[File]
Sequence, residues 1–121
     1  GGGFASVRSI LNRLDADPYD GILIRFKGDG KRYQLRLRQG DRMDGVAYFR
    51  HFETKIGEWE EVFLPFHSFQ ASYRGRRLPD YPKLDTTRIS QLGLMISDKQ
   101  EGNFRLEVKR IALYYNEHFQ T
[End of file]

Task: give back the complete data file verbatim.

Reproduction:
Sequence, residues 1–121
     1  GGGFASVRSI LNRLDADPYD GILIRFKGDG KRYQLRLRQG DRMDGVAYFR
    51  HFETKIGEWE EVFLPFHSFQ ASYRGRRLPD YPKLDTTRIS QLGLMISDKQ
   101  EGNFRLEVKR IALYYNEHFQ T